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Hypothyroidism and Thyroid Testing in Dogs

  • August 12, 2016 11:04 AM EDT

    Hypothyroidism is not uncommonly misdiagnosed in dogs. This is owed, in part, to the insidious nature of the condition, the vagueness of clinical signs, and the challenge of interpreting results of various clinical tests in light of comorbid disease conditions or concurrent medication administration. 

    • Systemic diseases (nonthyroidal illnesses) that can alter (reduce) measured thyroid hormone concentrations include: adrenal disorders (hyper- and hypoadrenocorticism), diabetes ketoacidosis, kidney failure, liver disease, heart failure, critical illness, among several others.
    • Examples of drugs that can alter (reduce) measured thyroid hormone levels include sulfonamides and phenobarbital. There are several other classes of drugs known to have the same effect in humans, however evidence-based information on their effects in dogs is lacking.

    Many of our canine patients are a conundrum when it comes to making a definitive diagnosis of hypothyroidism. As such, therapeutic trials are commonly initiated by clinicians. These trials are often an attempt to "back into the diagnosis." A positive response to therapy is considered, by some, to support the diagnosis (e.g. reversal of common clinical signs including lethargy, weight gain, alopecia, seborrhea, etc.).  A positive response to thyroid hormone supplementation, however, should be interpreted with caution. Euthyroid dogs may also seem to improve with hormone supplementation.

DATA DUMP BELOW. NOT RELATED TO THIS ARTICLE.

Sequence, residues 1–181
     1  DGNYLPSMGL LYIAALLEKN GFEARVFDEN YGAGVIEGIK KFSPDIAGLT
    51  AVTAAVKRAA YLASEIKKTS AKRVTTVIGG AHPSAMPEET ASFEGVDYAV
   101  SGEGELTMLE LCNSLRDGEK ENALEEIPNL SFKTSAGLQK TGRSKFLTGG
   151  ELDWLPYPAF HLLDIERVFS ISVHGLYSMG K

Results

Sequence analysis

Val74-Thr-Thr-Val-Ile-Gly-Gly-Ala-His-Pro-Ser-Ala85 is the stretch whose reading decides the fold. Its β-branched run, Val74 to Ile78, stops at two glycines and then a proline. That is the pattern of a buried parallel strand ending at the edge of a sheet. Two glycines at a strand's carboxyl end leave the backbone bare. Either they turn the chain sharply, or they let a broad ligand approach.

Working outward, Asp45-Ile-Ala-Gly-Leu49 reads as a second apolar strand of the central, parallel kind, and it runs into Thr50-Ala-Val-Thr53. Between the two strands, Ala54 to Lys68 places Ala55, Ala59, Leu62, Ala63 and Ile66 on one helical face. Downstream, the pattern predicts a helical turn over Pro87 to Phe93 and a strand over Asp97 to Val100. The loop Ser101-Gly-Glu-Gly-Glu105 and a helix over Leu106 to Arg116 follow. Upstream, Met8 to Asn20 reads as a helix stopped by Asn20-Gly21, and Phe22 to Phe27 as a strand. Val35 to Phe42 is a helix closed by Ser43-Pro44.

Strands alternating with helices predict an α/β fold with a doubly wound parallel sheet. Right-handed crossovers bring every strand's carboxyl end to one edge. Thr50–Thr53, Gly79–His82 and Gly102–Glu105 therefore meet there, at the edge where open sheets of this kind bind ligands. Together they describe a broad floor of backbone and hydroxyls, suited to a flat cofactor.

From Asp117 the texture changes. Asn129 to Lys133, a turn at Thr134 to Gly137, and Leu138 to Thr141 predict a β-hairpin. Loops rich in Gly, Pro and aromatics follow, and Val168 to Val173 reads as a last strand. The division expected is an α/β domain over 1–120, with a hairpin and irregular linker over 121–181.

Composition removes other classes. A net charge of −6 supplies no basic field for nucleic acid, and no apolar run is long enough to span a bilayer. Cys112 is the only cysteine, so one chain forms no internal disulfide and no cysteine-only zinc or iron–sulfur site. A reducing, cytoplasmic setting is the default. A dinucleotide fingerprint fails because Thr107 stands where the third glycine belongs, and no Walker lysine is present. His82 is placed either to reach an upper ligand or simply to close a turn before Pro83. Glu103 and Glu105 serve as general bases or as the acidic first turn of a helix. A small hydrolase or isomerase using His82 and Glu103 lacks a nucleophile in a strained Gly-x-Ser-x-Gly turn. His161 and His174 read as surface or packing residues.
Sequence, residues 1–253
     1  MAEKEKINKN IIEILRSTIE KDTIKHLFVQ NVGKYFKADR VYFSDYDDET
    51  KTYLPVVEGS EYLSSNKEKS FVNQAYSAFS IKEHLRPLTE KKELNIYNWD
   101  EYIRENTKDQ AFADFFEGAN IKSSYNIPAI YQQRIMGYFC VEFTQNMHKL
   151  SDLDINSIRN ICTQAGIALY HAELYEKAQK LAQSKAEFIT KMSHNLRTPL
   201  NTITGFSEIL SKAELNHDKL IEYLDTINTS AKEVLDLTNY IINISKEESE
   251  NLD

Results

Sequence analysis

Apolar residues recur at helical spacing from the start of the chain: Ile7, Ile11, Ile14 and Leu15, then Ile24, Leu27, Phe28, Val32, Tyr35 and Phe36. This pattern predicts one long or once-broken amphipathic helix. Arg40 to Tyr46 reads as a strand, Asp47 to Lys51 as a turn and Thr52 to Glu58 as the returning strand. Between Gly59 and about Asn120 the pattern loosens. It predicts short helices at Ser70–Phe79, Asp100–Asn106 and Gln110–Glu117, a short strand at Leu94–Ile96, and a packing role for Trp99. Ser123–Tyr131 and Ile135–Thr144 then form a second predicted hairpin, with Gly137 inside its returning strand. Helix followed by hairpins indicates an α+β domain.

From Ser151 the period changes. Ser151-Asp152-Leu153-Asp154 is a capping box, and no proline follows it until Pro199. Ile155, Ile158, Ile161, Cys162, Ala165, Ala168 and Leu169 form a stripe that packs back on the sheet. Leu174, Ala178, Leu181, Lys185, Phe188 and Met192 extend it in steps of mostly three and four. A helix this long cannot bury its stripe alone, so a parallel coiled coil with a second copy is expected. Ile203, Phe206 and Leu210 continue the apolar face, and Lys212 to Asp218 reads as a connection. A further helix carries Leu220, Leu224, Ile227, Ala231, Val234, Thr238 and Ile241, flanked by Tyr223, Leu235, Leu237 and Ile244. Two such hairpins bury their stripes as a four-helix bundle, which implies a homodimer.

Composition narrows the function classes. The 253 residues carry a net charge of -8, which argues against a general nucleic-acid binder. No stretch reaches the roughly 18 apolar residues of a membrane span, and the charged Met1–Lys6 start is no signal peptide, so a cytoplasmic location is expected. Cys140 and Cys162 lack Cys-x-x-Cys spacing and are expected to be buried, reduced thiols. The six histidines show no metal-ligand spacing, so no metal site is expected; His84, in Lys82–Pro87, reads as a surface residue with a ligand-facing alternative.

It is not uncommon for many of these dogs to continue on long-term supplementation. So, how does one determine if a dog on long-term treatment with levothyroxine (L-thyroxine) is truly hypothyroid (and needs ongoing therapy) or is euthyroid (and, by definition, no longer requires supplementation)?

    One way is to discontinue supplementation and observe for recurrence of clinical signs, along with monitoring of thyroid tests including serum T4, fT4, and TSH levels.  But how long is the "washout" period?  How long must a clinician wait after discontinuing supplementation with levothyroxine before performing these tests and accurately assessing thyroid function?  

    What's your answer? Is it:

    • 7 days?
    • 2 weeks?
    • 4 weeks?
    • 8 weeks?

    Until recently, veterinarians relied on studies in humans in which a period of 8 weeks is recommended. In this week's VetVine Specialty Update we report on important information recently presented at the 2016 ACVIM Forum - specifically, the effects of L-thyroxine supplementation on the hypothalamic-pituitary-thyroid axis in euthyroid dogs and how long it takes to recover after long-term supplementation. News you can truly use!

    View This VetVine Specialty Update (running time: 10 mins)